It is not the conventional role of arts organizations such as Mill Mountain Theatre to address directly criminal justice issues like domestic violence. But it has long been a function of playwriting and theatre to be catalysts for social change and to empower those who assume leadership roles. Our collateral events associated with last season’s productions of To Kill a Mockingbird and Children of Eden as good examples of the ability of Mill Mountain Theatre to draw people together for thoughtful discussion as well as to deliver messages through performances. MMT’s production of On Golden Pond will coincide with the Family Violence Coordinating Council’s awareness walk and ceremony to remember victims, in downtown Roanoke on Oct. 9. Leftwich plans for the group to staff information tables during MMT performances and related events and to offer private counseling for people who want it. Other community agencies are developing ways to draw the greatest impact from public events facilitated by MMT. On Golden Pond, now a classic of both theatre and film, is about a family in the flux of uncomfortable change. Roles of two women in the cast are the change agents as well as emotional glue that hold the family together during that change. They are models for women who are the victims of family violence, for women who are advocates for change in how society understands and reacts to domestic abuse and for creation of programs that more directly address these costly problems. Our partners in this project include The Turning Point shelter operated in Roanoke by the Salvation Army for abused women and their children, Roanoke Regional Chamber of Commerce and its Leadership Roanoke Valley program, Hollins University, the Roanoke Police Department Family Violence Coordinating Council and Citizens Against Family Violence in Martinsville. Those partners are helping Mill Mountain Theatre identify and invite women who will benefit from seeing performances of On Golden Pond and whose presence in the audiences and talk-back sessions can increase awareness of the social problems.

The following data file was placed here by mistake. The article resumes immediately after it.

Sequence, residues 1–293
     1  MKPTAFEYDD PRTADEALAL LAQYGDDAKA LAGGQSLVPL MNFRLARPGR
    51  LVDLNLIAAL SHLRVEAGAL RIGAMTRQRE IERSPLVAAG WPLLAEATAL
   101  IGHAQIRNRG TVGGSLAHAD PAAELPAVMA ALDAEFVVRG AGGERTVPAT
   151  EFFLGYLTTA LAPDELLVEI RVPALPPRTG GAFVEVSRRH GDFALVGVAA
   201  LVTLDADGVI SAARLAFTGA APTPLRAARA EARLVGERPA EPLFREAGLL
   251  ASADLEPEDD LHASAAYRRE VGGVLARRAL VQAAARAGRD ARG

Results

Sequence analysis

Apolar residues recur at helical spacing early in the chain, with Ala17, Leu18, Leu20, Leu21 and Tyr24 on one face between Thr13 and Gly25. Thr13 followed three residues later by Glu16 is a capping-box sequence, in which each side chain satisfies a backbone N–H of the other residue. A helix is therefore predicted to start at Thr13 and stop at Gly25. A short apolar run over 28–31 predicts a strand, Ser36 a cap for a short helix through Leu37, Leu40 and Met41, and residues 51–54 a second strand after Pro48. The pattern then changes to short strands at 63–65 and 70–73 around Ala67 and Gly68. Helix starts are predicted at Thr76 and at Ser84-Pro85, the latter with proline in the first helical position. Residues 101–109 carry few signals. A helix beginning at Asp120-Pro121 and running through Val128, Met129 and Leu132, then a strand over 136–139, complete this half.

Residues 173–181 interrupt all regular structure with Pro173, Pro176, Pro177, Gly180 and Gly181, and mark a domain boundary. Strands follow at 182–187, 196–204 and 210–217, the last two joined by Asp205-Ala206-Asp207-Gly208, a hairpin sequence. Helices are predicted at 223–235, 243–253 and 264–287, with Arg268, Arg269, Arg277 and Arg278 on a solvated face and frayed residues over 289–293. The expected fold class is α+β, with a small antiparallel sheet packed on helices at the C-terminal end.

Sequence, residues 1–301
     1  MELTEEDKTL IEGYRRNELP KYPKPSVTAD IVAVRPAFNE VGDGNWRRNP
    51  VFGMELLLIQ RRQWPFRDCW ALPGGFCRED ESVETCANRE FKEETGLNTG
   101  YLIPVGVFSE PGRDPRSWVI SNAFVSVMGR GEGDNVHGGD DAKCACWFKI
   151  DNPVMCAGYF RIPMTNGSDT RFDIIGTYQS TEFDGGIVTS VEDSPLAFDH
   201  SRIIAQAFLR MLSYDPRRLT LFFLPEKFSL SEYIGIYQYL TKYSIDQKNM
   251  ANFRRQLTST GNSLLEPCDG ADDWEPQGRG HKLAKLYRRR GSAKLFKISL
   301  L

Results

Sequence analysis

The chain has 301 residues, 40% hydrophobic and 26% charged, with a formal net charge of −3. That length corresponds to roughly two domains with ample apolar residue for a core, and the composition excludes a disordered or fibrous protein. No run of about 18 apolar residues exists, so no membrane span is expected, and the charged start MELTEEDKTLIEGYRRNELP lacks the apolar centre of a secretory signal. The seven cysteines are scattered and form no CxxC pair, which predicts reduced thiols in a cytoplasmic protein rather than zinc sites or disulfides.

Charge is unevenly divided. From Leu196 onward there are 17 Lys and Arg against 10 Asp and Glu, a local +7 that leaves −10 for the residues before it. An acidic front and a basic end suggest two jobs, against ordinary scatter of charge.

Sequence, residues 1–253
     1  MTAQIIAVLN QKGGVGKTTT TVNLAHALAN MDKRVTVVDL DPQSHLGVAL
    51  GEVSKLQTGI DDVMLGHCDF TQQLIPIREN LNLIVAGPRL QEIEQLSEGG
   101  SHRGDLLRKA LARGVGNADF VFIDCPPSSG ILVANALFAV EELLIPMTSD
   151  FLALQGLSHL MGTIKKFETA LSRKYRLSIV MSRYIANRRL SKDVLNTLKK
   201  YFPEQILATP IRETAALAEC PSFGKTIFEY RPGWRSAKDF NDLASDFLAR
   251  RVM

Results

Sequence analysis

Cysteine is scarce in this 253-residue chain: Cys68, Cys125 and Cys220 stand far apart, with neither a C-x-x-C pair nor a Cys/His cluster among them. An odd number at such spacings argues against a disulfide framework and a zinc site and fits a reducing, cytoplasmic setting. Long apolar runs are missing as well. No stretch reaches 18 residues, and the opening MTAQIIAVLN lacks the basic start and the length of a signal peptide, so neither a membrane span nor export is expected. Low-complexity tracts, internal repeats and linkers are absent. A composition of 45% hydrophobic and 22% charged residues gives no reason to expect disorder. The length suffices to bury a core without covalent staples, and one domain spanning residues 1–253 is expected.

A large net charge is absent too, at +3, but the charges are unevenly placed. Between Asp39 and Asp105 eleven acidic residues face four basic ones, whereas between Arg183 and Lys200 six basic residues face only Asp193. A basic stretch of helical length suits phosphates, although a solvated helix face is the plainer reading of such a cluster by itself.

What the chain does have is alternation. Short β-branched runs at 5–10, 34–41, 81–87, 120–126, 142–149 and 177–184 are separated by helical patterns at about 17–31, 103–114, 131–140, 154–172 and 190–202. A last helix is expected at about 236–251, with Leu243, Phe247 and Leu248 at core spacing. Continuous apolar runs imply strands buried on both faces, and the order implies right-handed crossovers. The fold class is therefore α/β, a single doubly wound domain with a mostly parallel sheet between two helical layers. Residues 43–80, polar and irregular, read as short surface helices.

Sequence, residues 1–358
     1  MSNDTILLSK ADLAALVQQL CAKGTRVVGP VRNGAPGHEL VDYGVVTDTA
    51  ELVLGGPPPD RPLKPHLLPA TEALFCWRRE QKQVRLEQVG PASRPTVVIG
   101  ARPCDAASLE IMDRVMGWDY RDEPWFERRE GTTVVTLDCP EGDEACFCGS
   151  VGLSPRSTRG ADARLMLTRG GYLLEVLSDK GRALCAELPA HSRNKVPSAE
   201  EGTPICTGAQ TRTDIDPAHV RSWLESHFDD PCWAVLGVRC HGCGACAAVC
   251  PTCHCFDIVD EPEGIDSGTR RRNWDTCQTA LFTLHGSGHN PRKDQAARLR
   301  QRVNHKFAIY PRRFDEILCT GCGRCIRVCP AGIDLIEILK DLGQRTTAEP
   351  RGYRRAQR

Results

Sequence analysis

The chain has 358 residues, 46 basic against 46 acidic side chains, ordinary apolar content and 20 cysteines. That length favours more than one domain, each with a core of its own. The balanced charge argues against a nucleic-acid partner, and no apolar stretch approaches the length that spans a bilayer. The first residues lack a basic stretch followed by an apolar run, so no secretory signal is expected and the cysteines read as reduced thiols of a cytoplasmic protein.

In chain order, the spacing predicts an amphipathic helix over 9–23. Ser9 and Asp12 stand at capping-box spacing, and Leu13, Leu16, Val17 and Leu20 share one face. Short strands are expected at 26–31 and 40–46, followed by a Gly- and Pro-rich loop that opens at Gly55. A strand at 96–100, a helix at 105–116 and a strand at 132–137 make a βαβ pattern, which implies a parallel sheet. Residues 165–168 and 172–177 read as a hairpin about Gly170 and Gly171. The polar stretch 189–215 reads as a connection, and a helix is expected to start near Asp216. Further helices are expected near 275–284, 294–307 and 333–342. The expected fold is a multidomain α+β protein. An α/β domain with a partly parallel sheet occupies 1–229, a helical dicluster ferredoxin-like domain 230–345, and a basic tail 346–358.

The Play That Will Generate Healthy Discussion and Action
On Golden Pond’s strength is in telling the impact of human affection in a family beset by changing roles and pressures of contemporary society. It is a message that many of us need to hear to affirm our own feelings about those we love and those we barely know.
Our goal is to include in the audience women whose lives have been affected by family conflict and who are repairing themselves with a sense of empowerment. Understanding that they are not alone in their struggle is an important aspect of their renewal. We hope the impact of our production will add positively to community discussion about domestic violence, family change and personal relationships.
A six-actor cast tells the story of the power of respect and love among people who consider themselves a family. The two women’s roles are pivotal to the change that ultimately affects the relationships and affirms the interdependency of the other characters. The play is about Ethel Thayer, in her 70s, and Norman Thayer, about to turn 80, who return to their Maine vacation cottage on Golden Pond. The summer begins routinely but is quickly changed when their estranged middle-age daughter, Chelsea, arrives with her fiancé, Bill, and his teenage son. The daughter and her friend depart for a trip to Europe and leave behind the adolescent boy, Billy.
The elderly couple and boy work through their own awkwardness but eventually become close, sharing interests in fishing on the lake and discoveries of new experiences. By the time the daughter and her friend return as a married couple, Chelsea must deal with her curmudgeon of a father, who has never acknowledged her personal and professional successes and with his own oncoming senility. Ethel must absorb the abrupt changes in her family, acknowledge Norman’s declining health and ponder the effects on her life. Near the end of the play Norman suffers heart pains and collapses; Ethel’s reaction shows she has feared his death for some time.